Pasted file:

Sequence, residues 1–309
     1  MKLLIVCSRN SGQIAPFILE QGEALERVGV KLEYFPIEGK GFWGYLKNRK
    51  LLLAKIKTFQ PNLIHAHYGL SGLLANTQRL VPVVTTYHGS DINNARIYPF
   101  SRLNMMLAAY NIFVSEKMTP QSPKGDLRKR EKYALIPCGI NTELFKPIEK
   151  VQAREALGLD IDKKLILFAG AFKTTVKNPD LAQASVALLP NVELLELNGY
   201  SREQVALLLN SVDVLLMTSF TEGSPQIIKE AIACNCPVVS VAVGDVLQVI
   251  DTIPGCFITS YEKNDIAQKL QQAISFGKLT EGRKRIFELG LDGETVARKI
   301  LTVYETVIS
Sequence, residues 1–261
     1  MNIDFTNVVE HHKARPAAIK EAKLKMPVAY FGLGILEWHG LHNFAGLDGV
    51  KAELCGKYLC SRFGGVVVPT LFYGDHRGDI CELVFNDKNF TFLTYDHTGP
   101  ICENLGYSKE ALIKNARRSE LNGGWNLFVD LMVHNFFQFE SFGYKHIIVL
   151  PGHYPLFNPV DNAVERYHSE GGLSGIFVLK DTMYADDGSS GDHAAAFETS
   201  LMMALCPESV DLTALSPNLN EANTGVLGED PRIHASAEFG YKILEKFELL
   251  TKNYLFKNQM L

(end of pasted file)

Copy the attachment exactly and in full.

Sequence, residues 1–309
     1  MKLLIVCSRN SGQIAPFILE QGEALERVGV KLEYFPIEGK GFWGYLKNRK
    51  LLLAKIKTFQ PNLIHAHYGL SGLLANTQRL VPVVTTYHGS DINNARIYPF
   101  SRLNMMLAAY NIFVSEKMTP QSPKGDLRKR EKYALIPCGI NTELFKPIEK
   151  VQAREALGLD IDKKLILFAG AFKTTVKNPD LAQASVALLP NVELLELNGY
   201  SREQVALLLN SVDVLLMTSF TEGSPQIIKE AIACNCPVVS VAVGDVLQVI
   251  DTIPGCFITS YEKNDIAQKL QQAISFGKLT EGRKRIFELG LDGETVARKI
   301  LTVYETVIS
Sequence, residues 1–261
     1  MNIDFTNVVE HHKARPAAIK EAKLKMPVAY FGLGILEWHG LHNFAGLDGV
    51  KAELCGKYLC SRFGGVVVPT LFYGDHRGDI CELVFNDKNF TFLTYDHTGP
   101  ICENLGYSKE ALIKNARRSE LNGGWNLFVD LMVHNFFQFE SFGYKHIIVL
   151  PGHYPLFNPV DNAVERYHSE GGLSGIFVLK DTMYADDGSS GDHAAAFETS
   201  LMMALCPESV DLTALSPNLN EANTGVLGED PRIHASAEFG YKILEKFELL
   251  TKNYLFKNQM L